Paul Faber, Surgeon eBook

This eBook from the Gutenberg Project consists of approximately 505 pages of information about Paul Faber, Surgeon.

CHAPTER XXV.

OSTERFIELD PARK.

It was a long time since Mr. Drake and Dorothy had had such a talk together, or had spent such a pleasant evening as that on which they went into Osterfield Park to be alone with a knowledge of their changed fortunes.  The anxiety of each, differing so greatly from that of the other, had tended to shut up each in loneliness beyond the hearing of the other; so that, while there was no breach in their love, it was yet in danger of having long to endure

    “an expansion,
  Like gold to airy thinness beat.”

But this evening their souls rushed together.  The father’s anxiety was chiefly elevated; the daughter’s remained much what it was before; yet these anxieties no longer availed to keep them apart.

Each relation of life has its peculiar beauty of holiness; but that beauty is the expression of its essential truth, and the essence itself is so strong that it bestows upon its embodiment even the power of partial metamorphosis with all other vital relations.  How many daughters have in the devotion of their tenderness, become as mothers to their own fathers!  Who has not known some sister more of a wife to a man than she for whose sake he neglected her?  But it will take the loves of all the relations of life gathered in one, to shadow the love which, in the kingdom of heaven, is recognized as due to each from each human being per se.  It is for the sake of the essential human, that all human relations and all forms of them exist—­that we may learn what it is, and become capable of loving it aright.

Dorothy would now have been as a mother to her father, had she had but a good hope, if no more, of finding her Father in heaven.  She was not at peace enough to mother any body.  She had indeed a grasp of the skirt of His robe—­only she could not be sure it was not the mere fringe of a cloud she held.  Not the less was her father all her care, and pride, and joy.  Of his faults she saw none:  there was enough of the noble and generous in him to hide them from a less partial beholder than a daughter.  They had never been serious in comparison with his virtues.  I do not mean that every fault is not so serious that a man must be willing to die twenty deaths to get rid of it; but that, relatively to the getting rid of it, a fault is serious or not, in proportion to the depth of its root, rather than the amount of its foliage.  Neither can that be the worst-conditioned fault, the man’s own suspicion of which would make him hang his head in shame; those are his worst faults which a man will start up to defend; those are the most dangerous moral diseases whose symptoms are regarded as the signs of health.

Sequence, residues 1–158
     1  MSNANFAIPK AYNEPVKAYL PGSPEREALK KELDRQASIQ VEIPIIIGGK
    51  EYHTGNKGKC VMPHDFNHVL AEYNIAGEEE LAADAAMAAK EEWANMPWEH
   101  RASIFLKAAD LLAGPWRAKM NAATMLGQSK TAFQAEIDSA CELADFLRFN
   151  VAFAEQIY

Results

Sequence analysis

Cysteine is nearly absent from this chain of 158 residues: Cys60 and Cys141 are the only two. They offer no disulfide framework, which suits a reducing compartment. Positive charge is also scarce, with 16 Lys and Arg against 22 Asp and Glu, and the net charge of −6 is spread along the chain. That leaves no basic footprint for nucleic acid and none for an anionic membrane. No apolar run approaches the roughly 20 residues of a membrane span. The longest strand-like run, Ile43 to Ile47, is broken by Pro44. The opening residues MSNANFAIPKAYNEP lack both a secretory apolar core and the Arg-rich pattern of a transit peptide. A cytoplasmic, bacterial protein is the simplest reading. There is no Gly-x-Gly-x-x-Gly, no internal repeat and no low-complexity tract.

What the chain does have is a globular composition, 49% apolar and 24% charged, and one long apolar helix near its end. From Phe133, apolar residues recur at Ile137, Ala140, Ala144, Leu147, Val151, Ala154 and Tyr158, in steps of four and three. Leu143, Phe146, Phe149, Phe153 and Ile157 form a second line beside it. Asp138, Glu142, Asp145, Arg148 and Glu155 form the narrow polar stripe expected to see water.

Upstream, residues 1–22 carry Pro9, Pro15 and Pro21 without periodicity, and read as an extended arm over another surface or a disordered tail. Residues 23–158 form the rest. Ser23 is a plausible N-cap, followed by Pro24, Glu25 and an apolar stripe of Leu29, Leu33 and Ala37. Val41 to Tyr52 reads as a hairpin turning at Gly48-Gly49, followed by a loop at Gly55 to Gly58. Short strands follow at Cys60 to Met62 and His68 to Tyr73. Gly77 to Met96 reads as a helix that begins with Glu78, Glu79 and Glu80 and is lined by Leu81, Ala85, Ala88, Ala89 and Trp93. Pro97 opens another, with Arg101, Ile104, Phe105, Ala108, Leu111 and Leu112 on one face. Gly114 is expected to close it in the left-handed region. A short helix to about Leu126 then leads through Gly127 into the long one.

Like lovers they walked out together, with eyes only for each other, for the good news had made them shy—­through the lane, into the cross street, and out into Pine street, along which they went westward, meeting the gaze of the low sun, which wrapped them round in a veil of light and dark, for the light made their eyes dark, so that they seemed feeling their way out of the light into the shadow.

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Paul Faber, Surgeon from Project Gutenberg. Public domain.
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